This was my time to hone the knowledge and skills I have learnt, putting them into practice. This was my favourite part as I am a strong believer that experience is the greatest teacher.
Most of my previous academic projects involved planning, a proposal and a presentation. I never really got the chance to realise the projects. This internship gave me the opportunity to realise projects from start-to-end. This was important as when executing projects in real life, I got to experience the unforeseen circumstances and deal with external variables which were often beyond my control. This forced me to constantly adapt and made me more mentally resilient.
No matter the scale, all the project cycles involved planning, execution and evaluation. My mentor and I would always have a debrief to review what went right, what went wrong and what can be improved. I appreciated this practice as it fostered an attitude of constant improvement. Although it could be tough at times to face the mistakes that I made or the opportunities that I missed, I feel that it was a crucial practice in fostering my professional work ethic and expertise.
It’s the People that Matter Most
In a company that sells power systems, circuit breakers, switches, machine solutions, sensors, software, hardware, PLC controllers, industrial automation products, it is easy to overlook one of the most important points: it’s the people that matter most. It’s the people that make these products work, it’s the people that make sense out of the data gathered, it’s the people that design the products and solutions, it’s the people that the products and solutions serve, it’s the people who make up Schneider Electric.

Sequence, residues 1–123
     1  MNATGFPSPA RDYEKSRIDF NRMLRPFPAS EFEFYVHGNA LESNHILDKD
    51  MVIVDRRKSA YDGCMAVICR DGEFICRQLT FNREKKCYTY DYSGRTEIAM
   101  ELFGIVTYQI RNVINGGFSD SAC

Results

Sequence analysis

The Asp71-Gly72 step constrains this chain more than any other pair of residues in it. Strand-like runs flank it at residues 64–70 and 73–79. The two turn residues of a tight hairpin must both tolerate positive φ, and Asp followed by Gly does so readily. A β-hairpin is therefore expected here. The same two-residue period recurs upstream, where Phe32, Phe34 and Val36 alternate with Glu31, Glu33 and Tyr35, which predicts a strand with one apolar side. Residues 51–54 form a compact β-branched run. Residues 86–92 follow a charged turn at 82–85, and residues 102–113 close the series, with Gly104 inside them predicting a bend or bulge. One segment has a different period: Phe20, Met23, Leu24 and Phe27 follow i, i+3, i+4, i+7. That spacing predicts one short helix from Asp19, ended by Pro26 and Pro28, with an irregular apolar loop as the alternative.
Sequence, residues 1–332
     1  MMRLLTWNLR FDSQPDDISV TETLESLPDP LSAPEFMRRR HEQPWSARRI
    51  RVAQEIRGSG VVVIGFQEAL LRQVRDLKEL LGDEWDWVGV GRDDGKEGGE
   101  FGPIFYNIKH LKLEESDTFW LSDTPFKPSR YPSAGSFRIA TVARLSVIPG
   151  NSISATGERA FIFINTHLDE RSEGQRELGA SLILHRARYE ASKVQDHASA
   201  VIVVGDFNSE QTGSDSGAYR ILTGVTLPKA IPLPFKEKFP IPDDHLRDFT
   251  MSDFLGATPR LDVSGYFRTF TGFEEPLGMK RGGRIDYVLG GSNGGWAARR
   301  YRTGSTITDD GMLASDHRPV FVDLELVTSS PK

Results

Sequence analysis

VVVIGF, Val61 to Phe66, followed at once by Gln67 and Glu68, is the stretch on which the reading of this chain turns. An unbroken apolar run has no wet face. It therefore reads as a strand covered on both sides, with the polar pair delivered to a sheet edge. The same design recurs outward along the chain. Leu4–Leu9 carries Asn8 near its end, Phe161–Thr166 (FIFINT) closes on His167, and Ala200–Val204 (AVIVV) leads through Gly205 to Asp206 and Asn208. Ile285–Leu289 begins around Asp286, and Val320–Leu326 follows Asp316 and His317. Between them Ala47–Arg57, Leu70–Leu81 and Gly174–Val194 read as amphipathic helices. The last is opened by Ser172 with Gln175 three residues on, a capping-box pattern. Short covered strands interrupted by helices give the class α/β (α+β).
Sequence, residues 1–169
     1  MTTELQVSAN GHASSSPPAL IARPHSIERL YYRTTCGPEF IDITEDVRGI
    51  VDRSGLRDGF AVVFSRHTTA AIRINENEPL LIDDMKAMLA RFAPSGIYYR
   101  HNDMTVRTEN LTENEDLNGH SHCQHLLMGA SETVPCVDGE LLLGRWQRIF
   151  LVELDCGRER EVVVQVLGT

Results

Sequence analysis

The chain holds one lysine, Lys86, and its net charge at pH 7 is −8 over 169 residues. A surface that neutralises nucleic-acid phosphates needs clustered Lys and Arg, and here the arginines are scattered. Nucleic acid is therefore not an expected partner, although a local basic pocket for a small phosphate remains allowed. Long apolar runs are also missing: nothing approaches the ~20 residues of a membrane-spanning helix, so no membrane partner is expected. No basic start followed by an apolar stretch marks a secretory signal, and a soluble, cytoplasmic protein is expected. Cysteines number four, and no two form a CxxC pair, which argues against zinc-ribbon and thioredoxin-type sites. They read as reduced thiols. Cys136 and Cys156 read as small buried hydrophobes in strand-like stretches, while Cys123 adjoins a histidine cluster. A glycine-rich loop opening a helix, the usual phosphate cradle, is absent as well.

My internship experience would never have been this fulfilling if not for my mentor, my colleagues and the new friends that I have made at Schneider Electric. These are the people who affected positive change on my personality and I am grateful for them. At the start of this essay, I mentioned that I don’t know what to feel. I guess I have a mixed bag of feelings: the sentimentality of saying goodbye (for now) to these people, and the excitement I still have for what’s to come in the next two weeks.
One thing is for sure, I will continue learning and building meaningful relationships with new people.
The following article is written in conjunction with Singapore’s Career Stories 2019 Writing Competition on the theme of #MyCareerJourney organized by CareerSocius.